I came across an interesting bit of reading on the relative stability of hierarchies of violence today. It’s a tidbit on a Substack so epistemic status is that I learned something and I’m thinking a lot about trust as we live through various crisis points in real time on networked media.
The article that starts with prison gangs and the weight of violent action on bosses and gets deep on hierarchical stability and selection pressures. I really do recommend the reading as it gets into Scottish kings, American federal bureaucracy, and military service academies.
I’m working on improving my theory of organizational structure because somehow I am one of the louder “thinks in public” about corporate governance and decentralized autonomous organization. It’s a bit of an accident as I am just very interested in how collectives organize resources at different scales.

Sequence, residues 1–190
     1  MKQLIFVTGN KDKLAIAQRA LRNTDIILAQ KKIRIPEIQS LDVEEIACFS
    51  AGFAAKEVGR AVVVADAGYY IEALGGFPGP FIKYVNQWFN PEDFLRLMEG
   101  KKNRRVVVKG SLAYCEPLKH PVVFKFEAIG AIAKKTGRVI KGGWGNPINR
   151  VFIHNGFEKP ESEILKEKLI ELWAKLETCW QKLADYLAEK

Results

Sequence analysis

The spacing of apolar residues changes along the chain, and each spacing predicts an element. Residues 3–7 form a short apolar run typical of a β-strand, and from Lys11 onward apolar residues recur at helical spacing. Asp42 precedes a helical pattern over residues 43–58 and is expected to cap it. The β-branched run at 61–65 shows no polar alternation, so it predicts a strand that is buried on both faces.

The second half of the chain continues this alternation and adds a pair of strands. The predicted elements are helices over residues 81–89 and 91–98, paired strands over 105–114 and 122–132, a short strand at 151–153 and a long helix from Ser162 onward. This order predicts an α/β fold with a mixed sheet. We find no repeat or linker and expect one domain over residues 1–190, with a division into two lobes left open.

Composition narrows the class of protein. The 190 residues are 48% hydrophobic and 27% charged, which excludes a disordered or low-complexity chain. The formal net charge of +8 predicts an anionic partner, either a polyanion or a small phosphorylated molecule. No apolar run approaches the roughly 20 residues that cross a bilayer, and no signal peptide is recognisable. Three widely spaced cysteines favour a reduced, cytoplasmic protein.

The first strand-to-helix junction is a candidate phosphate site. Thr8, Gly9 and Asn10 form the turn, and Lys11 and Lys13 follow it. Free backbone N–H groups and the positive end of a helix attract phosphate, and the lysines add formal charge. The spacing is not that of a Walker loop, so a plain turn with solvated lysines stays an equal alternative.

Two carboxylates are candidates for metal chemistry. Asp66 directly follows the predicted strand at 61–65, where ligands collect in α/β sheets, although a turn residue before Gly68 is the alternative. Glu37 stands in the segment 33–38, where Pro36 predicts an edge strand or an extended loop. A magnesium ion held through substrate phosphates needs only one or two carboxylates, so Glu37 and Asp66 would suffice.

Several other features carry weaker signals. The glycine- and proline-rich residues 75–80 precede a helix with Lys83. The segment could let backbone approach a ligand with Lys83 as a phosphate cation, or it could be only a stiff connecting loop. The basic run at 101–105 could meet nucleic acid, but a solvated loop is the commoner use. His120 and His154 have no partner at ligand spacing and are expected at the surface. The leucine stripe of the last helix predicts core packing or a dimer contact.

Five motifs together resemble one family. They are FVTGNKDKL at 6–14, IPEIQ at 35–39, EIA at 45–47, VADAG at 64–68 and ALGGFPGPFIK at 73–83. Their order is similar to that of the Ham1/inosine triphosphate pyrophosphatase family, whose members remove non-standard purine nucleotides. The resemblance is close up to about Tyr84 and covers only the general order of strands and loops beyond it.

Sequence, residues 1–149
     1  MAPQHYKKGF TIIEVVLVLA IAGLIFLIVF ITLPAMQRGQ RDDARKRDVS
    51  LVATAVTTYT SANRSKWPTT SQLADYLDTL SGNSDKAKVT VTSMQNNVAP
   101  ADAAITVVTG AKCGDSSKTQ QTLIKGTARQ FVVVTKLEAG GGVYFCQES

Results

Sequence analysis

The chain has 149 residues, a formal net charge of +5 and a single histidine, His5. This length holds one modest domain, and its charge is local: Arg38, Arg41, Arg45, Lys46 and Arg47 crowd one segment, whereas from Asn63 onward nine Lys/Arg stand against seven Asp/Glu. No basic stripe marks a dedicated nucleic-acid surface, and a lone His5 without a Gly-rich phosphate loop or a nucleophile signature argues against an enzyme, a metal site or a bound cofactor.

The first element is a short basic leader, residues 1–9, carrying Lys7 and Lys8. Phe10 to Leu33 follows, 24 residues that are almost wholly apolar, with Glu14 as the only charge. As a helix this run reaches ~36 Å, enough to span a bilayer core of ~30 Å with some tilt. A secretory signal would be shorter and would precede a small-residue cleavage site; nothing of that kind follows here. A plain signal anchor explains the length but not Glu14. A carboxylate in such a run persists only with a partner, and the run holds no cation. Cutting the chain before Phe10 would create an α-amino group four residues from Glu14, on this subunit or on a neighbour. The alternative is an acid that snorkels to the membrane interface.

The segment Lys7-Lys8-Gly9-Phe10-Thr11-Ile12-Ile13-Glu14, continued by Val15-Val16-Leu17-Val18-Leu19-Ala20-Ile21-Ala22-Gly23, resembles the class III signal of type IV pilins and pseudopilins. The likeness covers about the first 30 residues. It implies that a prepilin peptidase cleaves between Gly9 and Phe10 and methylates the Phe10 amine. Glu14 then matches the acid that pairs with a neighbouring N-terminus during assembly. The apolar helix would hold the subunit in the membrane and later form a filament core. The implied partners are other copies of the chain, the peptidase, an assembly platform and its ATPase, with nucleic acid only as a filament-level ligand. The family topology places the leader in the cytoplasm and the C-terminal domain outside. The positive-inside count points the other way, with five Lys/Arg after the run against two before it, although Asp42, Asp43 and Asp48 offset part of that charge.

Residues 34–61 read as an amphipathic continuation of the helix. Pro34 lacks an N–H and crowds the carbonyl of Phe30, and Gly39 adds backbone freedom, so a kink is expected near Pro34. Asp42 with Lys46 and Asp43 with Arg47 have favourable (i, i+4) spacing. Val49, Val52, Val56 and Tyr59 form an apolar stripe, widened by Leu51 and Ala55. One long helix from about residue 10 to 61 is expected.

Some of investing thesis surrounds a nexus of how we organize decentralized power when centralized powers wish us your in-group to be illegal or killed. It’s a salient question for all of us in an age of institutional failure and I’m keen to learn more about what works in the most adverse situations.
Skarbek might call this market competition for governance, an Italian futurist might say “War is the hygiene of the world”, a musician might say a rolling stone gathers no moss, a survivalist that the quickest stream is the freshest…But the phenomenon remains. the devil reigns in hell… because where else are you going to go
I’m a doomer but only because I’m keen to head off going to hell. I’d like to avoid us having to return to a Hobbesian war of all against all just because we’ve gotten a little tired of liberalism because it allows for out-groups to live and let live. So putting it out there that functional systems can be stable and maybe stability isn’t our only goal.